Making bread

Bread was always the ultimate mystery to me. I would go into the supermarket, buy a couple of loaves of bagged bread, come out, eat it, be happy…and so on. Never did I even try to wonder how it was made into a perfectly shaped rectangle. It did not matter to me for a while. I say for a while because as I started to become more health conscious, I learned that some of the stuff that goes into bread nowadays makes it a highly processed food that brings us very little benefit after simply providing nourishment. It makes us get full, it goes great with peanut butter and jelly; but besides that, I knew bread had to be more than the much dreaded carb monster that everyone was trying to avoid. Why was it that for thousands of years, bread making was an art, then out of the blue it’s this evil entity that is out to get every American with its evil calories and impeccably white crumbs. So I learned more about bread, merely to try to understand it some more. In the process, I discovered that bread making is still an art form that you can easily create at home.

While I was in Texas for Christmas break, my father and I decided to make some soft rolls and French bread. He was very excited at the prospect of teaching me what he knew about backing given he had a couple of years at a bakery under his buckle. He mixed the ingredients and when it was time to add in the flour, he simply did it by improvising, he added as much as he saw he needed. Now, that may be a good thing to do if you have experience in the field, however, for myself, as a beginner, it works best when I follow my recipe and most importantly, when I follow all the steps of bread making.

There are many things that can sabotage your bread baking. Sometimes not enough yeast is added, or too much salt is added and it kills the yeast, this is just to name a couple.

The following recipe was put to the test in my baking class at school. It is a simple way to make delicious soft rolls. I used the equipment that was provided for us in the classroom, but since then, I have baked rolls using the same recipe at home and they turned out perfect. The most important piece of advice would be to make sure everything is scaled and measured correctly, otherwise the results can be very unpleasant.  The very first time that I attempted to make bread I measured my pound of flour with measuring cups. BIG MISTAKE. Those rolls came out hard as bricks. It’s easier to buy an affordable scale at any Target, Wal-Mart, or similar store and it can make things easier in the kitchen.

To make soft bread rolls you will need the following:

Water……12.5 oz
Yeast fresh…..0.75 oz*
Bread flour…..1 lb 5 oz
Salt…..2 tsp
Sugar…..2 oz
Non fat milk solids….. 1 oz*
Butter….. 2 oz

* If you have the active dry yeast, mix .75 oz with 3x as much warm water ( 2.25 oz) Then subtract 2.25 oz from the water amount of 12.5 oz.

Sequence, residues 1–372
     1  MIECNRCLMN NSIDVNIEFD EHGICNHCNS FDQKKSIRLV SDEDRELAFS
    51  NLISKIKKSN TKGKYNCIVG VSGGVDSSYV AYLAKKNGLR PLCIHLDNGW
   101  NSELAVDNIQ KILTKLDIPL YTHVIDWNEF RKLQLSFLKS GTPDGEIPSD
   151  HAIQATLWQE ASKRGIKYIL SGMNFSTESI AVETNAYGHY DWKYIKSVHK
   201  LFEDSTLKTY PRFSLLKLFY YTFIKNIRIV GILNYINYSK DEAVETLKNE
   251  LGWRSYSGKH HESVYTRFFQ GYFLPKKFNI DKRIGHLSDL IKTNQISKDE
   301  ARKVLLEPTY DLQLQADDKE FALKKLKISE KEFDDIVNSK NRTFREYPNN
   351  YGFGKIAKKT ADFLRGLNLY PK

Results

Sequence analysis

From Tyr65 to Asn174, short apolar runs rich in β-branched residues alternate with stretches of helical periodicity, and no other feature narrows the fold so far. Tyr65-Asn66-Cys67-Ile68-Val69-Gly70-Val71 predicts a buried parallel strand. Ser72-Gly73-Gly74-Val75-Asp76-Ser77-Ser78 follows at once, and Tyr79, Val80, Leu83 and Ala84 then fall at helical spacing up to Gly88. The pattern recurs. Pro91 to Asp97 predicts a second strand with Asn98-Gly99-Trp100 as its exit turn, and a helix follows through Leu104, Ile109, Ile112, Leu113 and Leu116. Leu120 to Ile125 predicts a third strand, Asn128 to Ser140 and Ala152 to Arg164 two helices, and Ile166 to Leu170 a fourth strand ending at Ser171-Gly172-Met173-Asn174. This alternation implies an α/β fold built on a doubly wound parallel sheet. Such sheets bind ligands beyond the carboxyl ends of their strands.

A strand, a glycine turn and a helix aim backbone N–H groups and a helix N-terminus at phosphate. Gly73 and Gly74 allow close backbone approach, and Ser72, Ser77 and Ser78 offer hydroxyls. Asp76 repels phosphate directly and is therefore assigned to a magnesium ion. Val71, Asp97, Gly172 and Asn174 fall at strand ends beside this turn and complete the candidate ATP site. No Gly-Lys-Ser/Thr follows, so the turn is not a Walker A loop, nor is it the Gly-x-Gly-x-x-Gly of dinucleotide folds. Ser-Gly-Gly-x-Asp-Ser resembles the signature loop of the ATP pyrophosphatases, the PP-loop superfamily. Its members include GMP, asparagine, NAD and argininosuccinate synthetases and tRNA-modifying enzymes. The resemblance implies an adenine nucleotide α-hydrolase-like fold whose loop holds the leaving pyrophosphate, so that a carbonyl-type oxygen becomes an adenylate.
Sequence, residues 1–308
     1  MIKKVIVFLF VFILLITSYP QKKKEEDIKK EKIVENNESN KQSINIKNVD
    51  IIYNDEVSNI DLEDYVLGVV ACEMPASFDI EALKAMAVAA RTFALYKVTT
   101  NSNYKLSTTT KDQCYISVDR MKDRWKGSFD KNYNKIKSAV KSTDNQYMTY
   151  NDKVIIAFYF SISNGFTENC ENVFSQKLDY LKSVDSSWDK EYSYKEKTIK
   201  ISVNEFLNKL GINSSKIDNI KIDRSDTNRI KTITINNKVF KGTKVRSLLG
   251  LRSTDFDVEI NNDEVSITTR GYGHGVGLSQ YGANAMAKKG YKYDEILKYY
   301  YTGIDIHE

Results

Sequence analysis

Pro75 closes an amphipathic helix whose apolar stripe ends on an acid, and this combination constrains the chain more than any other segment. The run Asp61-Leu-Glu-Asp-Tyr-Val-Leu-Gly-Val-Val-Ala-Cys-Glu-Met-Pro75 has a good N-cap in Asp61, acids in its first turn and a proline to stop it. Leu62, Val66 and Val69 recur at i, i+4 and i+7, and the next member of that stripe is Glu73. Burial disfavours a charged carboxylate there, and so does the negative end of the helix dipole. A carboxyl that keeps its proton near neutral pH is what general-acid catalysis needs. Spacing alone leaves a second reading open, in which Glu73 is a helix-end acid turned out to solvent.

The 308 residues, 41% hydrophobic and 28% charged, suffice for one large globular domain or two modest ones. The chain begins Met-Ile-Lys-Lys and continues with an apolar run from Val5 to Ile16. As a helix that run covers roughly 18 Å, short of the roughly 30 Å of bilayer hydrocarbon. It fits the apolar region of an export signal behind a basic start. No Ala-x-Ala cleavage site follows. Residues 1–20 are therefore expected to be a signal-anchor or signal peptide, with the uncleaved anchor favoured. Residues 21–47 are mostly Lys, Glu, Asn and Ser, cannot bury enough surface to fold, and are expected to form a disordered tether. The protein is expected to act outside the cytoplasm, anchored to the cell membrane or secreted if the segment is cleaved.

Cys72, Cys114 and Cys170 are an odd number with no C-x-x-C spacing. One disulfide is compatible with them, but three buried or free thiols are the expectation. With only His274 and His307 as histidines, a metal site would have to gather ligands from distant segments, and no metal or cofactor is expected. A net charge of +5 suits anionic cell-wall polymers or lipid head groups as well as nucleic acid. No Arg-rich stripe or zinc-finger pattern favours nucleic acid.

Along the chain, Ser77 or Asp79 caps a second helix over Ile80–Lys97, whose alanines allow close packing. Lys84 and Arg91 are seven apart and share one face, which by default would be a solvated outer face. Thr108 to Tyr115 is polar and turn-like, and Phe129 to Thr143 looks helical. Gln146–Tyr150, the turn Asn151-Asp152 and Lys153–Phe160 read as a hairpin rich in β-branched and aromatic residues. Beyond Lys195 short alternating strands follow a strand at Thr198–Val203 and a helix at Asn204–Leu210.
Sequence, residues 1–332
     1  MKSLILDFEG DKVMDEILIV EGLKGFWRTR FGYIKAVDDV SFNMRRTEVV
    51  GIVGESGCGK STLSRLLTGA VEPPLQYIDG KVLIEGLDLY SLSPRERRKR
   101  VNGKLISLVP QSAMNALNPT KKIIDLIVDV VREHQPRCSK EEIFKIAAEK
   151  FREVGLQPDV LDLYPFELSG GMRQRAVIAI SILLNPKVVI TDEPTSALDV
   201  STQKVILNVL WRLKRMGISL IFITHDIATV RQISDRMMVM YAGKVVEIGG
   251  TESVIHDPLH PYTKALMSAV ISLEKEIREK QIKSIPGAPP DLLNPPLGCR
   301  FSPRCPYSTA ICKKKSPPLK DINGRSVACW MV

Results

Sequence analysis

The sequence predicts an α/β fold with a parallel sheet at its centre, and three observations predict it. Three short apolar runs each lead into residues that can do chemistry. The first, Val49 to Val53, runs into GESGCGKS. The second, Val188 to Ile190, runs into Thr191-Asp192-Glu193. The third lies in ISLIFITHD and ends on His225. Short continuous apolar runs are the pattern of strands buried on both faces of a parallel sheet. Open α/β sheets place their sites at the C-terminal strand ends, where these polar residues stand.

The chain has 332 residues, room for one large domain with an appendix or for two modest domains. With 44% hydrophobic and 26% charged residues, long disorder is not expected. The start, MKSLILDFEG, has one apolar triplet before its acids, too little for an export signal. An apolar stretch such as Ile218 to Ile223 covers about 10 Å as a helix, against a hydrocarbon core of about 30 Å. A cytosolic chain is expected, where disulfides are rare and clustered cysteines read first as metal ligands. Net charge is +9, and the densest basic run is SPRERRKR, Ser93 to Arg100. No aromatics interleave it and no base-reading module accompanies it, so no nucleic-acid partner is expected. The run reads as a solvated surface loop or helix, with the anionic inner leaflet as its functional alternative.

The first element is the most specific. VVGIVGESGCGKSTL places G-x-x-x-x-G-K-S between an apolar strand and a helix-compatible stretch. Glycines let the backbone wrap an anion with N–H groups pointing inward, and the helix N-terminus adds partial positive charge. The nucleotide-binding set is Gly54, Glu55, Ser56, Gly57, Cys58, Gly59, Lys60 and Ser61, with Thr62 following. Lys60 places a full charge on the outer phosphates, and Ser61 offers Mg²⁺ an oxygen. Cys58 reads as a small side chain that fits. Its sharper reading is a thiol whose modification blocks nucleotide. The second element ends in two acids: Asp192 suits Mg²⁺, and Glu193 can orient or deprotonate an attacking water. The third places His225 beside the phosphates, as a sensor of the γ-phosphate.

* Milk can be used in place of non-fat milk solids, once again subtract 1 oz from the total fluids used.

1. The method used for making soft rolls is called the straight dough method, you place the flour in a mixing bowl (it’s faster and easier with a mixer) then add the remaining ingredients, except the water. Mix flour with butter and using medium speed setting slowly add liquid until the dough  begins to come off the sides of the mixing bowl. The following picture was taken while I was still adding fluid. You can see that the dough is quite sticky, so it still needs some kneading. This process can also be done by kneading with you hand. Always remember to slowly add the liquid to get the right consistency which would be when it no longer sticks to your hands

2. Once the dough peels away from the sides of the mixing bowl, place on the counter and cover with plastic. The dough is ready when you push down with your finger and the dough pushes back up.

3. Let the dough rise to twice its size. Try to keep the room temperature at around 70-75 degrees farenheit. Once it has risen, gently punch down dough to remove air that had formed during fermentation. Take a bench knife (or any other sharp knife)  and cut the dough into equal size balls for individual rolls. Measure 3 larger dough balls of equal size to form a braid roll. It is best to scale out the dough when forming the balls. This is the scaling step.

4. Using a rounding motion, place hand over the scaled dough and with the palm of the hand round it and form into ball shapes. Once this is done, cover again with plastic wrap and being a seocnd fermentation.

5. When dough has plumped up a bit more, the air bubbles are once again removed using a french baking  method called ” to frazier“.

6. Roll out the dough the way the video shows and tie into different knots. Likewise, roll out the 3 larger sized balls into equal width rolls and braid it together. This step is called the makeup and panning step.

7.  The dough finally goes through the last step before baking, which is proofing. Allow the bread to rest for about 20 minutes in a “proof box”. When I bake at home, it’s easier to make my own proof box using my oven and setting it @ 175°F. Place a small pan with water to create humidity and so that the bread can “sweat”.  After proofing, the bread with become more plump. It is now ready for baking. Before placing in the oven though, brush egg wash (2/3 water + 1/3 eggs+ pinch of salt for darker colored bread; reduce egg content if  a lighter color is desired) . You may sprinkle sesame seeds, poppy seeds or any other desired seed to add flavor. Sprinkle after egg washing.

When removing the bread from the “proof box” quickly crank up the heat to 350°F  to preheat. Once preheated the oven,  bake the bread until it reaches desired golden brown color. To ensure it is thoroughly baked, tap the bottom of each roll and it should sound hollow.



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